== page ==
We all want to get the Tories out. But we must place demands on Labour – clearly articulating what is needed by members and demanding that Starmer makes those pledges now. In PCS, that means demanding now that Keir Starmer commits to a 10% pay rise as a step towards pay restoration; that he commits now to ending cuts and privatisation in the civil service.

Those demands will be much stronger if they are backed up by action. And the pressure on Starmer would be stronger still if trade unions, including PCS, were to support candidates in elections that stood on our side.  

That is what makes these president and NEC elections so important. We could be going into PCS conference with a fighting socialist national president and a stronger NEC that will offer a different lead to that being prepared by the current general secretary and president.

Current leadership not up to the task

BLN supporters were at the forefront of the huge ballot efforts in 2022 and 2023, when 133,000 PCS members in the civil service won a mandate for strike action on pay, pensions, rights and jobs.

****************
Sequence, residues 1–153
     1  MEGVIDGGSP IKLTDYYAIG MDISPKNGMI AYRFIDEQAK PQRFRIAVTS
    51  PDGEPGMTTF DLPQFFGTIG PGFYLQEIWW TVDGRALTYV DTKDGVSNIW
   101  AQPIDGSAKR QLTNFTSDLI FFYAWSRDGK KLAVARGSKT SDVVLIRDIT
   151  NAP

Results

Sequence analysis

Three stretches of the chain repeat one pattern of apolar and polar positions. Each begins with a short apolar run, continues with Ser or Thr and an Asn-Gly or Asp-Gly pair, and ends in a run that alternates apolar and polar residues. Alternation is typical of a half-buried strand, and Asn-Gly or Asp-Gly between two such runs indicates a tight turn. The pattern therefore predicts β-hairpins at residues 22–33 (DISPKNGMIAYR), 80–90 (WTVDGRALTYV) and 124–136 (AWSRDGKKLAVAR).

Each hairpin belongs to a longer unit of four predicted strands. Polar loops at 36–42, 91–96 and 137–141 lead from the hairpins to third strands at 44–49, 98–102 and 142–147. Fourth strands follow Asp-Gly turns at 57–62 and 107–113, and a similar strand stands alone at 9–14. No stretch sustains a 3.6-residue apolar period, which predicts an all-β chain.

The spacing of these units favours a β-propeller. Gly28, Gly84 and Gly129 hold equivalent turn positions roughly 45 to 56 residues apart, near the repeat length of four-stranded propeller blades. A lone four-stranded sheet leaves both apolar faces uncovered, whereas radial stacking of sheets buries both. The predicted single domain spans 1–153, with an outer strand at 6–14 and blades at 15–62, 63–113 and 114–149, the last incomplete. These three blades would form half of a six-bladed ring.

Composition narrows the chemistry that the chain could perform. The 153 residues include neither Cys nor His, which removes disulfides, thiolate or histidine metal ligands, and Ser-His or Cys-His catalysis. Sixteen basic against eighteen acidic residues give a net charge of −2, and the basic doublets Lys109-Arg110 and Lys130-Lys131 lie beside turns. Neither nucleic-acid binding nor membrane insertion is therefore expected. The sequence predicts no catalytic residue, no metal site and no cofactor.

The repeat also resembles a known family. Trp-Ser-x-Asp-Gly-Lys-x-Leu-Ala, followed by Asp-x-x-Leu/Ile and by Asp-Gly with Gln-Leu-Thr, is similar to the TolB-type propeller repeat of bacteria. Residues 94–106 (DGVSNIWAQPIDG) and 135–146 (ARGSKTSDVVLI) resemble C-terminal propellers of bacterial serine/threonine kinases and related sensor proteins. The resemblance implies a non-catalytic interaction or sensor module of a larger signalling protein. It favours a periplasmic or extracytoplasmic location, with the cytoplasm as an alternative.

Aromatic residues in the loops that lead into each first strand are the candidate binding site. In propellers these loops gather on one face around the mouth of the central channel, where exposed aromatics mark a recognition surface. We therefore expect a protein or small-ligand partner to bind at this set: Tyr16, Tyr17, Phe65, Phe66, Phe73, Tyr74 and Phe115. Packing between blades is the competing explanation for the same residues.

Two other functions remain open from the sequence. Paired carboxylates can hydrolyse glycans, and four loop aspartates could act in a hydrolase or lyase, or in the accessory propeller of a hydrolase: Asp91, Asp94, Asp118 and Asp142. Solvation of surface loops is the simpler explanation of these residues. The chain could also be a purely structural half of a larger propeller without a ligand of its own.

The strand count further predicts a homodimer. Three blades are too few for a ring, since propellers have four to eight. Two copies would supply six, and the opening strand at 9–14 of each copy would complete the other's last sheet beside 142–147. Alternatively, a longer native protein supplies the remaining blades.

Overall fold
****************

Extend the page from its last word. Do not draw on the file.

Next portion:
Our ballot result was declared on 10 Nov 2022, giving us a mandate that under Tory anti-union laws would last for six months. Immediately, reps began planning for and demanding serious action, to unite with the railway workers, postal workers, teachers, nurses, doctors and all other groups taking and preparing for action. The union’s National Executive Committee (NEC) did not deliver this.

PCS Left Unity (LU), the grouping which currently controls the NEC, delayed by a month before calling any action at all, in targeted areas, and waited three months before calling national action. This immediately weakened the campaign; instead of an immediate, visible show of unity across departments, with strike rallies across all major cities and towns, members and reps were left wondering what was happening.